Plastic Materials. The first synthetic plastic in history
Back in 1909, the belgian-american chemist Leo Baekeland made a discovery that still nowdays gave him a reputation of being one of the most influential scientist in history: he discovered the bakelite, the first thermosetting plastic material!
Studying two derivatives of petroleum – phenol and formaldehyde – Baekeland invented a material that even if heated and pressurised, was able to polymerize and to maintain a well-defined structure hardly alterable by thermal induction.
Some of the main features of this first thermosetting material are:
– Material hardeness
– Solvent resistance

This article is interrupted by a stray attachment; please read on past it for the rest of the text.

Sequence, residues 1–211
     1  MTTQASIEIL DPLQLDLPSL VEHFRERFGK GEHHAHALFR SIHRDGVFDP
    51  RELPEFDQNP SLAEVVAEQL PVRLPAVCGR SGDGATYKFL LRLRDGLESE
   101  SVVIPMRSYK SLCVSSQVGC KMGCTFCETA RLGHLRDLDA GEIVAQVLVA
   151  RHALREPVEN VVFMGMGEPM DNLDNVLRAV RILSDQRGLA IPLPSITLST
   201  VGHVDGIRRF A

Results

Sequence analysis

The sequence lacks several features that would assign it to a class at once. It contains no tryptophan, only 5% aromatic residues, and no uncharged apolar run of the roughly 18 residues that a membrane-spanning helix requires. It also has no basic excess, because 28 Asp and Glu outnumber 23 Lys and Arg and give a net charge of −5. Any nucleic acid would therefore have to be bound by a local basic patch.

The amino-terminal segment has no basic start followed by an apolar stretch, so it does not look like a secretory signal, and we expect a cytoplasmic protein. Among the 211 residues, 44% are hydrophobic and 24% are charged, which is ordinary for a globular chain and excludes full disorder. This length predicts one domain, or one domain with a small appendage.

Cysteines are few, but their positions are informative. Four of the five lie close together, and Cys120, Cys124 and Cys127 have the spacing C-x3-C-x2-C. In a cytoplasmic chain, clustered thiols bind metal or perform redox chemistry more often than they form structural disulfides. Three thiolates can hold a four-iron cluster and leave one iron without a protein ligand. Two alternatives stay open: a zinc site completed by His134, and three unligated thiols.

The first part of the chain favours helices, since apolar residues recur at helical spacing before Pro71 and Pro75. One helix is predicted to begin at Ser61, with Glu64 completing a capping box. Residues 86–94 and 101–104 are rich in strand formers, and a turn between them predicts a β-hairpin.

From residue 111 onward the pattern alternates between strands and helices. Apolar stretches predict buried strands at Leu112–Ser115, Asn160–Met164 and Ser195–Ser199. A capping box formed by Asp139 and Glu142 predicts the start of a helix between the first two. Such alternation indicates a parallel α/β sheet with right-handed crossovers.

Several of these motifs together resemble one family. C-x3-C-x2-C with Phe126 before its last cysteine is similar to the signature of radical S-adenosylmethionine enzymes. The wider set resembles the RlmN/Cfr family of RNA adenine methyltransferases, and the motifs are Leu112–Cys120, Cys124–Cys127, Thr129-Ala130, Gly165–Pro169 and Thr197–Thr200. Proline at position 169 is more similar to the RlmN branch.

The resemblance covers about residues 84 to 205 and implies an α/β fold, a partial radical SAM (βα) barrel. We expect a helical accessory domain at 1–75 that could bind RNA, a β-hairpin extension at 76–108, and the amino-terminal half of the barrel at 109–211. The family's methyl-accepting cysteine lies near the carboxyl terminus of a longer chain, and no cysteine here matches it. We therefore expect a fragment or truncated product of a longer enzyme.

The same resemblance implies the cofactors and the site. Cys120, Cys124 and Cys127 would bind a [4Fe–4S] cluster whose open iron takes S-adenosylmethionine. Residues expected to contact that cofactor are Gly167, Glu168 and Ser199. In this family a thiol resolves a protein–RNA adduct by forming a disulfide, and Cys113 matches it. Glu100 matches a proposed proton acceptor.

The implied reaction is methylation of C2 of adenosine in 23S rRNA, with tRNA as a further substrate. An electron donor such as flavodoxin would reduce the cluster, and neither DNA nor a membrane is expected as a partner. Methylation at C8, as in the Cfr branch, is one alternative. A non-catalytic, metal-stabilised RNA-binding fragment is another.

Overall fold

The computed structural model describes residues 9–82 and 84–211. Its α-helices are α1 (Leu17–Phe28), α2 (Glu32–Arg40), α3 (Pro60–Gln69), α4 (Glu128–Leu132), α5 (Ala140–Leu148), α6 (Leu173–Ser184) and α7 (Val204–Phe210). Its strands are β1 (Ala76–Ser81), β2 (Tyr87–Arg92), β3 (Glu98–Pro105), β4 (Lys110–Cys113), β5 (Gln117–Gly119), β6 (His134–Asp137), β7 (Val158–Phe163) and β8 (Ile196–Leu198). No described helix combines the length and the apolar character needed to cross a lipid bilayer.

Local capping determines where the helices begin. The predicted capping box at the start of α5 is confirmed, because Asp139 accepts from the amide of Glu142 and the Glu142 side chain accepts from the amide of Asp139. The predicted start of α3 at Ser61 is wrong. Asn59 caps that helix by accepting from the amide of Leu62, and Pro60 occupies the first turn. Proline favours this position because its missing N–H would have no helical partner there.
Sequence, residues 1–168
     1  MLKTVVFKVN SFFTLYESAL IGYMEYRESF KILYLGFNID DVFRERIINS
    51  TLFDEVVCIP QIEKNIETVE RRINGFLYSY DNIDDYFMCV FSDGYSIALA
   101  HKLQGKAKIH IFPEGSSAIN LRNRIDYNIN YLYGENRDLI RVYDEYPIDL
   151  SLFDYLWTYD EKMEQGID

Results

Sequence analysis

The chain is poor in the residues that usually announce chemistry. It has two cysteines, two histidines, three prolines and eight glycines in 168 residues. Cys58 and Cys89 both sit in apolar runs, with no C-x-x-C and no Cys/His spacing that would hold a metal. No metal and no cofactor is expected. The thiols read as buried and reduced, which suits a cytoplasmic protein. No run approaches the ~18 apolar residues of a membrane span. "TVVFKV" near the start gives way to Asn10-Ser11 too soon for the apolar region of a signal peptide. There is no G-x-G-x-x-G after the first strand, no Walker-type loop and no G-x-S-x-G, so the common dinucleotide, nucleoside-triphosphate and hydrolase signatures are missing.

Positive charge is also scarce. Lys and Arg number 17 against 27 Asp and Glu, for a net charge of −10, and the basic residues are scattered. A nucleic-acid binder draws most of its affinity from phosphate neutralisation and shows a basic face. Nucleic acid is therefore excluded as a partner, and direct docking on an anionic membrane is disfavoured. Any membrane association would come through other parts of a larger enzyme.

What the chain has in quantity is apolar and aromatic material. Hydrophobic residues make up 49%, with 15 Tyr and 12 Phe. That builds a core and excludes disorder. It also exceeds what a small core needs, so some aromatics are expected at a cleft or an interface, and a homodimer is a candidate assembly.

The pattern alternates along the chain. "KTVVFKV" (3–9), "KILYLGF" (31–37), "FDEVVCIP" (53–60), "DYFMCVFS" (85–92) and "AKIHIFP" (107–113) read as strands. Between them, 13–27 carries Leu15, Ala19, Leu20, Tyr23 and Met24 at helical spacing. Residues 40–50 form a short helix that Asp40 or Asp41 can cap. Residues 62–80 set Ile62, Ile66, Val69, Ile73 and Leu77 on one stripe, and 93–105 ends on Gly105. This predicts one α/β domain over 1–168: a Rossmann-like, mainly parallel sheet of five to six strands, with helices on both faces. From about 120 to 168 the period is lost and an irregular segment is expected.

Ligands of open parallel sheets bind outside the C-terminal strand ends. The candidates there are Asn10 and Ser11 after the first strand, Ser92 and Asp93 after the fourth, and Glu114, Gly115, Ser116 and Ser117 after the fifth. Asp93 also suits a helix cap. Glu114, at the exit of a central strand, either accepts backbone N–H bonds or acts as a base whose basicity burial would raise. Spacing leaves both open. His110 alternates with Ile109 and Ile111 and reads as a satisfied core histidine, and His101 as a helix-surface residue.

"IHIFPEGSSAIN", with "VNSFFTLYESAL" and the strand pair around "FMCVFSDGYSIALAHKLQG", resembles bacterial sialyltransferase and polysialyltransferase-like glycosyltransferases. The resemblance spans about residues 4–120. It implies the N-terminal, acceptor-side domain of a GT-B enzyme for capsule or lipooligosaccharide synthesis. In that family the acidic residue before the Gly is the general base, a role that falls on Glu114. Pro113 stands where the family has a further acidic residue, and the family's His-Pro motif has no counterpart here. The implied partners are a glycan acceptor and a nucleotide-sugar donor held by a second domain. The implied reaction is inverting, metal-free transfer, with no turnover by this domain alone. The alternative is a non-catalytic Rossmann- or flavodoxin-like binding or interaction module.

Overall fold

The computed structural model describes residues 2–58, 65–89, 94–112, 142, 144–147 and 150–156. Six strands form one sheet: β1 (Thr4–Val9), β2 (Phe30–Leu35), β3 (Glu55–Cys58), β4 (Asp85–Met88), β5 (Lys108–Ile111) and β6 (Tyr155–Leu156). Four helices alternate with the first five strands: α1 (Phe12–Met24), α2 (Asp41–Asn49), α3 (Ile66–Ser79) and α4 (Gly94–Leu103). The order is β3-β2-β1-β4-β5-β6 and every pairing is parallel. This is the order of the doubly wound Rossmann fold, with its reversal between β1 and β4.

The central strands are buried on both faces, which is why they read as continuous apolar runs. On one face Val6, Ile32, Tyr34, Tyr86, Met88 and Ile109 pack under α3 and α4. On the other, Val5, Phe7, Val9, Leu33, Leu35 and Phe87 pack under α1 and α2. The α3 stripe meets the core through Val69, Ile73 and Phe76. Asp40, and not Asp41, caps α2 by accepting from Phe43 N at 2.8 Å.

– Excellent handling properties
– Extreme versatility: electromechanical and electrical sector (switches and outlets); design and decor industry; automotive industry; etc. etc.
Leo Baekeland – Biography
Son of a cobbler and a house maid, Leo Baekeland was passionate about Chemistry and Physics, acquiring a PhD maxima cum laude at the early age of 21 at the University of Ghent. After he married Céline Swarts in 1889, he moved to America.
In 1905 he started researching for a synthetic alternative for shellac, a natural resin created from the excretion of female lac bug, and invented the bakelite, the first synthetic plastic material in history.
The Time magazine classified him as one of the 100 greatest figures of XX century thanks to his discovery.